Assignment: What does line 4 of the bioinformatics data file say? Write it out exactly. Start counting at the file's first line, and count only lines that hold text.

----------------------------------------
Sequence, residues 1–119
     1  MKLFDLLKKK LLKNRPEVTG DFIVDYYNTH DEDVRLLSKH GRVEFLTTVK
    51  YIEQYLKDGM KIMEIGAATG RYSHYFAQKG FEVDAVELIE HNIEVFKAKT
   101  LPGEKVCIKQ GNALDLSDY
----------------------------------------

   101  LPGEKVCIKQ GNALDLSDY